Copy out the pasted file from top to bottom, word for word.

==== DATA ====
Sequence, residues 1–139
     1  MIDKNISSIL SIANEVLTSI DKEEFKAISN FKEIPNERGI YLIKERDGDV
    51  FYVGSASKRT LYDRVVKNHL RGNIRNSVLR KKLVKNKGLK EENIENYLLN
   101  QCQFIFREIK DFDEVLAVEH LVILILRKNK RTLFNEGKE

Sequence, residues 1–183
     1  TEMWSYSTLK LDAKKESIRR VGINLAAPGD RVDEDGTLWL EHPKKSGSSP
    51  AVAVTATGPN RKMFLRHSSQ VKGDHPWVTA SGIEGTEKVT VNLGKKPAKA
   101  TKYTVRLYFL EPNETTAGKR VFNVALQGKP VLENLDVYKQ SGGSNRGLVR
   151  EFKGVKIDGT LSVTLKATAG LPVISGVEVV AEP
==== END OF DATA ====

Sequence, residues 1–139
     1  MIDKNISSIL SIANEVLTSI DKEEFKAISN FKEIPNERGI YLIKERDGDV
    51  FYVGSASKRT LYDRVVKNHL RGNIRNSVLR KKLVKNKGLK EENIENYLLN
   101  QCQFIFREIK DFDEVLAVEH LVILILRKNK RTLFNEGKE

Sequence, residues 1–183
     1  TEMWSYSTLK LDAKKESIRR VGINLAAPGD RVDEDGTLWL EHPKKSGSSP
    51  AVAVTATGPN RKMFLRHSSQ VKGDHPWVTA SGIEGTEKVT VNLGKKPAKA
   101  TKYTVRLYFL EPNETTAGKR VFNVALQGKP VLENLDVYKQ SGGSNRGLVR
   151  EFKGVKIDGT LSVTLKATAG LPVISGVEVV AEP